Substitutes: The Next Biggest Marketing Threat

Staying Competitive just doesn’t mean staying one step ahead. The next Marketing threat is the threat of substitutes. A substitute is a product or service provided by a firm’s rivals that meets approximately the same customer needs in the same ways as the product or service provided by the firm itself. As indicated by Porter’s five forces model, substitute products will cause an indirect threat to existing firms. This threat may not be as crucial as that from direct competitors; however, it can still be considerable. There are many examples from industrial history where a substitute product has completely wiped out industries. The presence of substitute products can lower industry attractiveness and profitability because they limit price levels. In a free market economy, buyers have the choice if there is a viable alternative.

The Best Example here would be the music and record industry, the main product of focus is the compact disc or CD. In 2007, roughly 83 percent of sales for the music recording industry came in the form of full-length CDs. This number was down from a high of approximately 91 percent in 2002. Therefore, the vast majority of record company sales and revenues come from CDs. So from the point of view of the large music groups, the biggest threat of substitutes comes from alternatives to CDs, in which there are plenty. Substitutes to CDs like mp3s and other downloadable formats place a ceiling on prices firms in the music industry can charge and on the profits those firms can make. In the extreme, substitutes can ultimately replace an industry’s products and services if they are thought to be superior. This remains a big question in the music recording industry, as to what extent online downloading of music will replace compact discs. Since music groups and labels have to charge less for their CDs, revenues for the company go down and this causes profits to decline in turn. One could even argue that total costs rise since these companies have to spend more money creating alternative and cheaper forms of music in addition to CDs. Also, since competition is tougher, advertising costs may be higher for companies who try to distinguish their products. Ultimately, the threat of substitutes is high and the industry experiences increased costs, decreased revenues, and therefore, decreased profits.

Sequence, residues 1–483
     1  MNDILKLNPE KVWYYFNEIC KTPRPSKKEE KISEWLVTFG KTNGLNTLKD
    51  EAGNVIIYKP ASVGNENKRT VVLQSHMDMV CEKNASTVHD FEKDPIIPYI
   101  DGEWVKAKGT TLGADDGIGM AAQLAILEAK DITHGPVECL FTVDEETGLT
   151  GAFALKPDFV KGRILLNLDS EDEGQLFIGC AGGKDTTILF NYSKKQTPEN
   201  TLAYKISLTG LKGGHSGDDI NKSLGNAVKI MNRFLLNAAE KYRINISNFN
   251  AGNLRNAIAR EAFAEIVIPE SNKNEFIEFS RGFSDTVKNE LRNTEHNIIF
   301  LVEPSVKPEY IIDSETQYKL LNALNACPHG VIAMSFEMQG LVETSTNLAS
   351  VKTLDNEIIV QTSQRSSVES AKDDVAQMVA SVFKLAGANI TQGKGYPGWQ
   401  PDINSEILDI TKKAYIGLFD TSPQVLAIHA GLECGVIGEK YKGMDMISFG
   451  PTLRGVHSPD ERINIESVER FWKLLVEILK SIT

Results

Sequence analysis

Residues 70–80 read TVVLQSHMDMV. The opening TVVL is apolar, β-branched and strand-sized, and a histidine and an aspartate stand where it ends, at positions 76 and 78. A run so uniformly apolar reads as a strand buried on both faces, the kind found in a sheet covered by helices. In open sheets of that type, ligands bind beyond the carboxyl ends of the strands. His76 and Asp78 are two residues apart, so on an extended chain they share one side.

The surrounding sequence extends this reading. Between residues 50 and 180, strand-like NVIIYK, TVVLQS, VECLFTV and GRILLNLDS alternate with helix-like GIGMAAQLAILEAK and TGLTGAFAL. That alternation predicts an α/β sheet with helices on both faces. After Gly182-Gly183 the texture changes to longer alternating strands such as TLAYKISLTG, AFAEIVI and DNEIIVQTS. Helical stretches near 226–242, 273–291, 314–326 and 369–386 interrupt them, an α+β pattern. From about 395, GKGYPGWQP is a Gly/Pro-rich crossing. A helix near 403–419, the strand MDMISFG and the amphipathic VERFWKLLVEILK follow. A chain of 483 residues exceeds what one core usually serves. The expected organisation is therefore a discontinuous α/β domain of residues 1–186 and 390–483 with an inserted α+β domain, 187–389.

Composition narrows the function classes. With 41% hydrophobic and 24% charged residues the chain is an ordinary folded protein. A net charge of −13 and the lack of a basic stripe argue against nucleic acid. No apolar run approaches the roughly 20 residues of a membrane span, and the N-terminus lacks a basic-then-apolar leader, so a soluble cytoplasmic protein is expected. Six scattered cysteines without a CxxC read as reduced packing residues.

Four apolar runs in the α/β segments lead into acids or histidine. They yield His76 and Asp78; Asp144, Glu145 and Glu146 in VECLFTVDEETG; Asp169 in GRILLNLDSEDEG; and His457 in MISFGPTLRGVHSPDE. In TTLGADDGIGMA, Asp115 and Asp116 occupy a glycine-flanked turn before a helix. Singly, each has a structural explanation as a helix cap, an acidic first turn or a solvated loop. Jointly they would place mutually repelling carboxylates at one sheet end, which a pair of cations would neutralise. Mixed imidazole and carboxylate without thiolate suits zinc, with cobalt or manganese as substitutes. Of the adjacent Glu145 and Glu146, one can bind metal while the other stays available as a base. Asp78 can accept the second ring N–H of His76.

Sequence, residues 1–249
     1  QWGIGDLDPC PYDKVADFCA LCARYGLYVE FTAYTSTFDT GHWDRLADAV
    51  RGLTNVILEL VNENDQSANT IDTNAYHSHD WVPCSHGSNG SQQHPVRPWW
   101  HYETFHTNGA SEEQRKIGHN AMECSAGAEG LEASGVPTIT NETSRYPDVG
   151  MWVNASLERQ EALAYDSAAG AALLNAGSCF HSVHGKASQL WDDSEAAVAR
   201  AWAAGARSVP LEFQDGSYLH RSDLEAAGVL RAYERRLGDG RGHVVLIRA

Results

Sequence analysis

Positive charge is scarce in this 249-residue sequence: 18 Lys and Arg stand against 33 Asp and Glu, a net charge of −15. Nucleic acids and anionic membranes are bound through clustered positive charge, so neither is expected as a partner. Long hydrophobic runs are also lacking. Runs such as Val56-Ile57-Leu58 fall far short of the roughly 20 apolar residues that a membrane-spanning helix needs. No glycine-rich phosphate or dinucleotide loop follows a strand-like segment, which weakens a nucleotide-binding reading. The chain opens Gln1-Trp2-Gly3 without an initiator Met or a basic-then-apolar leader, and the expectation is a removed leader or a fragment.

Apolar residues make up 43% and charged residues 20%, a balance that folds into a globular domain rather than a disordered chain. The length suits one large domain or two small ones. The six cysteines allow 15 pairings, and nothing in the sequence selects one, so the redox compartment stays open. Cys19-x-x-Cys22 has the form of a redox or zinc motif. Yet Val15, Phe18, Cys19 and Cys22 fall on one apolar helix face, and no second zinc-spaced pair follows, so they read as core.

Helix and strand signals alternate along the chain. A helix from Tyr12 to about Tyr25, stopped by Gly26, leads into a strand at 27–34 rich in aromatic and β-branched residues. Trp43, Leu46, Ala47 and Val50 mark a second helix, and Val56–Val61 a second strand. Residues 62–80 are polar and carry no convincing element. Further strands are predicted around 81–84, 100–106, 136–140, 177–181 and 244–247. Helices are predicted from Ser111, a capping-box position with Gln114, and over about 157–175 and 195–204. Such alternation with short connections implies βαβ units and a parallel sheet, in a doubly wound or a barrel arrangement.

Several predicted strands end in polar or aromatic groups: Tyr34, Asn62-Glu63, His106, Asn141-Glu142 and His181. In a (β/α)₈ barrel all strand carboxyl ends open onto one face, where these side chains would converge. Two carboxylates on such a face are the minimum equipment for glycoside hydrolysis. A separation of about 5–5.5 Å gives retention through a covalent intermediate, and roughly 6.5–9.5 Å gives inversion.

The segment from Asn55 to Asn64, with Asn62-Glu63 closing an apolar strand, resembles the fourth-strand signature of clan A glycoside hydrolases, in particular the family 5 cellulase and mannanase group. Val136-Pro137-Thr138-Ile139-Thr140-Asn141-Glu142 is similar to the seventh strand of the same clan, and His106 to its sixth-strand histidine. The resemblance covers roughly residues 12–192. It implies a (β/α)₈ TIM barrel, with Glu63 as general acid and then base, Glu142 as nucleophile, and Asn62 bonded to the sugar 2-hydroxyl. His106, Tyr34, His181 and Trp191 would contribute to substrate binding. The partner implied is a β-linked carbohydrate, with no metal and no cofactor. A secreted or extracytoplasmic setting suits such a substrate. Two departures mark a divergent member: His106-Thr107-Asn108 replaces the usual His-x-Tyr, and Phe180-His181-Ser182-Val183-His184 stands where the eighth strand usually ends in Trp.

Whether a substitute product is really a threat depends upon a number of factors:

a. The existence of close substitute: The best example for explain this is Coke and Pespi as they are close substitutes of each other , as they have the same price, colour, packaging, almost the same taste and similar want satisfying capacity.

b. Switching costs: The greater the cost for customers to switch to substitute product, the less the threat there is of substitution.

c. Perceived level of product differentiation: People are less likely to switch to an alternative product if they think that it would be difficult to replicate all of the features of their original product. For Example Tea and Coffee.

d. Buyer’s propensity to substitutes: Customers in some markets are more likely to remain loyal to a product or service. In other markets customer loyalty is rare.